With shockingly little consideration, I just spent an indefensible amount of money (over $100) on a single role-playing game supplement. I’m not sure what I was thinking, but I’m now the proud owner of the world’s largest dungeon. Let me see if I can convey the size of this thing: there is a map measuring 17” x 22” with 114 rooms. This map is described by 45 pages of very small text. This is “part A”. The dungeon goes to “part O”, each with a similarly sized map and usually larger text section, all bound into an 840 page hardback book.
Initially, I was interested in the gimmick of it, kind of a “just to say I have it” sort of a purchase. Surprisingly, though, the whole thing is bound together by a fairly decent story. It’s also pretty well organized and is thought out to run a party from low to high levels. It’s good enough to make me want to run it (or, at least, in it), but at the rate I play, it would take a really long time. I could never, I thought to myself, “do it right”.
Then I got to thinking about what “doing it right” might entail. Since I was in an extravagant mood, why not really go for broke? I think I could do it right if I could throw away no more than $250,000.
The basic idea would be to rent a house for a month to six weeks somewhere remote, but still cool, like Turks and Caicos. A group of five to seven players and a DM would live in the house and game starting at noon every weekday, usually until late in the evening. This group would probably be recruited somehow, possibly over the net, then weeded down to an interview and so on. Players would be given:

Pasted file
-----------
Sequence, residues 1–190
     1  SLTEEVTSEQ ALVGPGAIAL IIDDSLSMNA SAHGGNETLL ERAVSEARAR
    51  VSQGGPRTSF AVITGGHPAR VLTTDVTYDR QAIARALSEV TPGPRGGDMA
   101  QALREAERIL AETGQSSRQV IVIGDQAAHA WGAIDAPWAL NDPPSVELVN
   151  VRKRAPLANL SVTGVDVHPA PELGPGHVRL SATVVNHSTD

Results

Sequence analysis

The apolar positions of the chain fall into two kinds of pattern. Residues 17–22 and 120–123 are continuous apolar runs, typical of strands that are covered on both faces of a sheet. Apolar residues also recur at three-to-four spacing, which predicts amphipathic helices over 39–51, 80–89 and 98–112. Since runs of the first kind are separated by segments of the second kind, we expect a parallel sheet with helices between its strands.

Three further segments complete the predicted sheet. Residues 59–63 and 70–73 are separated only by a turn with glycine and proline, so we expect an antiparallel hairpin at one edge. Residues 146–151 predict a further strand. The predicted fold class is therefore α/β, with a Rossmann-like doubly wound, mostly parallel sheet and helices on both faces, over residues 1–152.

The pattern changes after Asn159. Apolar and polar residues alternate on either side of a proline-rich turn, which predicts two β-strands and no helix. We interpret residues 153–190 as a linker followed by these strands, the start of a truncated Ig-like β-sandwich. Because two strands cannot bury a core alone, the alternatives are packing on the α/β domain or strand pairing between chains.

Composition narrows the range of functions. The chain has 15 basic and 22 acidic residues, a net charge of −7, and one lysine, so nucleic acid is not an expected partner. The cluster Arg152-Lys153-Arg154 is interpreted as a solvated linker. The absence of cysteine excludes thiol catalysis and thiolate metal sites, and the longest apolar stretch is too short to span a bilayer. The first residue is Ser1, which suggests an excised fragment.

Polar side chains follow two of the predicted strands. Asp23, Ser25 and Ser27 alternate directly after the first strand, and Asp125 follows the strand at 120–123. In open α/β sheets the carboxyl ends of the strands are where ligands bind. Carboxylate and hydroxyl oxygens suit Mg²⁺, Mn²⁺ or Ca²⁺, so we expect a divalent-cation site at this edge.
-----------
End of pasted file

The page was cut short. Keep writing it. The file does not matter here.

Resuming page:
- Travel to and from the location
- Lodging and food
- $2500/week salary
- A 12” PowerBook to keep
The DM would receive a similar package, but would be paid $3500/week and given a 17” PowerBook. A minivan or similar vehicle would be made available for the duration for the group.
The computers are crucial for two reasons. First, in exchange for the salary, the players and DM would each be expected to blog about the experience each day. They could do this in their own voice or in character. For best effect, the members of the group would not be permitted to see each other’s blogs (probably just by using the honor system but perhaps through firewall rules, though these can be dodged).
More importantly, all the machines would be networked to a LAN while playing. Some of this might require some custom software, but the basic idea would be that nearly all of the events of the game (like die rolls, awarding and spending experience, etc.) would be done with the laptops (rather than pen, paper and dice) and it would all be logged automatically. In particular:
- All dice rolling would be handled by software. (If necessary, cheating could be avoided by hosting a dice server on the DMs machine.)
- Players could send secret messages to the DM or other players.
- Players could track all aspects of their characters (including expendable equipment like torches, which is more important in this dungeon than others).
- The DM could get a summary view of all the characters and make changes to them that cascade to the player’s machines (things like reducing hit points or increasing experience).
- The DM could send images to individual players or the whole group.
Audio of the sessions would be recorded (either by the DM’s machine or by another on site machine). Video might be taken, though it would probably need to be more of the “one image every few seconds” kind. Everything (including the logs) would be made available online, so anyone crazy enough could reconstruct it if they wanted. The group would be incommunicado with the internet (and vice versa) while in session.
Now I just need someone to fund it. Maybe I could pitch it to the Sci-Fi Network as a reality show.